No one ever found out. "I never told my first wife. I told Janet," he says, referring to his current (and second) wife, with whom he has a teenage son named Everett. (His sons Colin and Brendan, from his previous marriage, are long out of the house.) "And you can be sure when each of my three sons became 10 or 11, I told them. I said, 'Look, this is something that you should know about. This could happen. Just be aware of the fact that if a woman of any age approaches you, this does, or will, have an effect on you. Even if at the time you think it's kind of nice.'
     “The abuse comes later," he continues, "when you are attracted to older women, and you don't even know why. I found myself more interested in most of my girlfriends' mothers than I was in the girlfriends. And I knew I wasn't supposed to be. And it was always a secret. I believed it was all the bad genes of my father." If an older woman initiated a relationship, he says, he couldn't resist. Did it happen a lot? "More than I like to say, yeah," he says. He is wordless for a moment. "I mean, it was something that haunted certainly my teenage years but particularly my 20s." Even after he was 22 and married to his first wife? "Oh, yeah." It was too uncomfortable for him to make Jack 11 years old too, so Irving made him 10‑in the novel. "It's just an idiotic way of self‑protection," Irving says, "but it works. It's a kind of a shield." But not enough of one. Irving spent the last two years before he turned the book over to Random House‑from April 2002 to April 2004‑in a funk. "Those two years were tough," he admits. That's when he lost the 30 pounds. He also tried antidepressants. "Janet was worried about me," he says. "She knew I couldn't write and take even 10 milligrams of Lexapro, I just can't. That stuff makes you feel like somebody else. I'd wake up in the morning and Janet would kind of look at me like, Who is this guy?" He quit using it after a few days.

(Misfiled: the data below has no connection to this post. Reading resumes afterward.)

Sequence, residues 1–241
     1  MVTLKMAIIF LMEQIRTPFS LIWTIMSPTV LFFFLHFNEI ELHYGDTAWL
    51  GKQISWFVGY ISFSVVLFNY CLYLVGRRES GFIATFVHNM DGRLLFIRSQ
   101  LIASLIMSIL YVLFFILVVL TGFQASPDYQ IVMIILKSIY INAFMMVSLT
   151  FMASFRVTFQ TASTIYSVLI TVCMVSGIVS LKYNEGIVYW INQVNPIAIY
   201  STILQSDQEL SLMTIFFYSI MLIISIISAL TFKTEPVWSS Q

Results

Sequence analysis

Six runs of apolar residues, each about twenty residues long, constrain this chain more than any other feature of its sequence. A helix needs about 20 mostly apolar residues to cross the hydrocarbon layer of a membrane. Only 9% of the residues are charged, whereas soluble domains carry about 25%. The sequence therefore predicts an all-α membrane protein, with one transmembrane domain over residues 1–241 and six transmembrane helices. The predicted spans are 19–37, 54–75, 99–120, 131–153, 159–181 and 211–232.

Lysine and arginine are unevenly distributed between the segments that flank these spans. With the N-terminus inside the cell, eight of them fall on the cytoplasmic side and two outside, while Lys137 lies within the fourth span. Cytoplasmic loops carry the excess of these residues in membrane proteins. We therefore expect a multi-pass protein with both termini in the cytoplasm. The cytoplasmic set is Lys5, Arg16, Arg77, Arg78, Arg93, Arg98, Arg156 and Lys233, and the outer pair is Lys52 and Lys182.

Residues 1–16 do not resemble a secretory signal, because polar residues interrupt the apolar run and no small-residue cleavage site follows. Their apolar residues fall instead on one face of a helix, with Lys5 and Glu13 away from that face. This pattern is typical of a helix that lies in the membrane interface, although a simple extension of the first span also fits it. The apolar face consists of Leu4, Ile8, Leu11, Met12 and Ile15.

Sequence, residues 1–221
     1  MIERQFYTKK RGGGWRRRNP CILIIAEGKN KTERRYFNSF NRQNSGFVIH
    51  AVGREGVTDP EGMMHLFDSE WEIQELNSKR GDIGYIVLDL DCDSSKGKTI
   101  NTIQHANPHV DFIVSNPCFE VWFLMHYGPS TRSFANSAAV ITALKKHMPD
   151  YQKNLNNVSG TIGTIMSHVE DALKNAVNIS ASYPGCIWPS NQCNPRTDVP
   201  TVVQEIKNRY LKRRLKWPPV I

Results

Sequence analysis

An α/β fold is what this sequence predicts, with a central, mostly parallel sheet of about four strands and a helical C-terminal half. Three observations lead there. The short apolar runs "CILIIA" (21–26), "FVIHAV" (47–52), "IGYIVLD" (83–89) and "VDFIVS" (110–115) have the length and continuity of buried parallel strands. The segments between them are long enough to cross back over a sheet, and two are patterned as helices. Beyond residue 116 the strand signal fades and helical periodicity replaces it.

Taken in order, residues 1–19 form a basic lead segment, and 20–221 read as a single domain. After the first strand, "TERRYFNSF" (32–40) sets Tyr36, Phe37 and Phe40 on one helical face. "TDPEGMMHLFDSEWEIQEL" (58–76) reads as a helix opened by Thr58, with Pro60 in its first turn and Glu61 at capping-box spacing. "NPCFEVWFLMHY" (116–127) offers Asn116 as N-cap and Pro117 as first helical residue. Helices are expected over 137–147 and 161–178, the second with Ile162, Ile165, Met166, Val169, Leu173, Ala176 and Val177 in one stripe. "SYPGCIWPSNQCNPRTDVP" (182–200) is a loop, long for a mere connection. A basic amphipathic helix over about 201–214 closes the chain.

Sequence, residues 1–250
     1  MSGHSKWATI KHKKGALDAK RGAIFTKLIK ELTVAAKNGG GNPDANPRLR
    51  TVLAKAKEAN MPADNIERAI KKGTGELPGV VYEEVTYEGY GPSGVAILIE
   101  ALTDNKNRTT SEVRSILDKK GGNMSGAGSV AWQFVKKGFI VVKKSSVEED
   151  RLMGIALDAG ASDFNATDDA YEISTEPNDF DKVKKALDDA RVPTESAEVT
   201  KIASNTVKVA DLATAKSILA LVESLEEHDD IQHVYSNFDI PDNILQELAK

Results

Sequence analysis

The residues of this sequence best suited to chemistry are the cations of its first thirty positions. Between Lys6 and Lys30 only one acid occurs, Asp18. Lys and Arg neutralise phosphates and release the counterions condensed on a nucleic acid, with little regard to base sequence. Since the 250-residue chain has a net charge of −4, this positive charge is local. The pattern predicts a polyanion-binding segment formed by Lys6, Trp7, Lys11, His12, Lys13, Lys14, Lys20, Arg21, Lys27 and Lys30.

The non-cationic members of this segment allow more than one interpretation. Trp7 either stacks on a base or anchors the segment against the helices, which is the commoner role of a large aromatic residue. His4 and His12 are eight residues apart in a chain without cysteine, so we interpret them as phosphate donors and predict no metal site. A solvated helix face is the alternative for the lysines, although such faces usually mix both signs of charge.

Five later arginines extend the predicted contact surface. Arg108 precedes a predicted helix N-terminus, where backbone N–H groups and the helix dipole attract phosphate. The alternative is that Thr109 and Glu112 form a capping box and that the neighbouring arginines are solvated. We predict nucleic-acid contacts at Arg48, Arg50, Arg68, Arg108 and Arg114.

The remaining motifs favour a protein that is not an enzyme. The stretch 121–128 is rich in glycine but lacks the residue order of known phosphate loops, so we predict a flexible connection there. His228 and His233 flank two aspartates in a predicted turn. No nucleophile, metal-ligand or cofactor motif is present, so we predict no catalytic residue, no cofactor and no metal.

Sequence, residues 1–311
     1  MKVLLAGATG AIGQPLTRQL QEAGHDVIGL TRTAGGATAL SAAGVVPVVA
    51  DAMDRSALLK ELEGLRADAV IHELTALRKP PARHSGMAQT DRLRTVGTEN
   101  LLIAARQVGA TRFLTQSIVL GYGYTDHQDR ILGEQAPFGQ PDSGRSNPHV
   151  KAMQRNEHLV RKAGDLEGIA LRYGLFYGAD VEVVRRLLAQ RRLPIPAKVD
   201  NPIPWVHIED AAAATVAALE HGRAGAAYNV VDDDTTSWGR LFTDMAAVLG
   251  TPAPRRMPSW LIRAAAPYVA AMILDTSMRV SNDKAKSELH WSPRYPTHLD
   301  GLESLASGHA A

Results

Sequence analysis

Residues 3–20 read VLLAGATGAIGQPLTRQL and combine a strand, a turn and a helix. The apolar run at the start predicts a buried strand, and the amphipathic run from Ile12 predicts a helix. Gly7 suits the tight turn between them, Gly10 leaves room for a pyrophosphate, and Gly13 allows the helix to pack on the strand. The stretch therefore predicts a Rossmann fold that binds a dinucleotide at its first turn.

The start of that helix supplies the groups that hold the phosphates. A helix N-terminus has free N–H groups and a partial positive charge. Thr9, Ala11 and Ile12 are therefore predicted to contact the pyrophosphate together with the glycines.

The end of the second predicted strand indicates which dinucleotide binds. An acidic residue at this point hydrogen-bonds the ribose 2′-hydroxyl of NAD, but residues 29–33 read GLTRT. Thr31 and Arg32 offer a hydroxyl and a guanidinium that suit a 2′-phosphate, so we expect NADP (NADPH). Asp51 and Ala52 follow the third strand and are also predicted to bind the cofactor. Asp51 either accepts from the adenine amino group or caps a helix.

One of Irving's close friends and collaborators, The Cider House Rules producer Richard Gladstein, is not surprised that Irving had a hard time after his family life exploded. "He is so driven and wears his emotions so freely, and that's one of the reasons I adore him," Gladstein says. "He's volatile, emotional, sensitive, brilliant, raw, honest‑I mean, so honest. He pours so much of himself into whatever he's doing that he's going to put himself through a wrestling match with whatever it is. It's sort of how he is." But what exactly was eating at him? "It was really my closeness to Jack Burns," Irving says. "I just felt too close to this guy, and there were things about him I didn't like, that were too close to home." And he was writing in the ultraconfessional first‑person voice, no less. "Those last two years, trying to get this book out of my life and into Random House's hands was a way of saying 'Goodbye, Jack, go away. Enough," he says. "Just get rid of it."
     He finally did. But the book refused to leave him. Here the story takes another odd twist. Literally two or three days after turning the manuscript over to Random House, he shot up in bed early in the morning and said aloud, "It's gotta be a third‑person novel." It would mean rewriting the whole thing, all 820 pages, but it was, he says, "just so clear as a bell." "When he told me this idea he had, to change it from the first person to the third," says his Random House editor Kate Medma, "I got goose bumps. I thought it was a fabulous idea. But I said, 'That's so much work!' And his reaction was 'Well, if it's the right thing to do, then it's just work, no problem."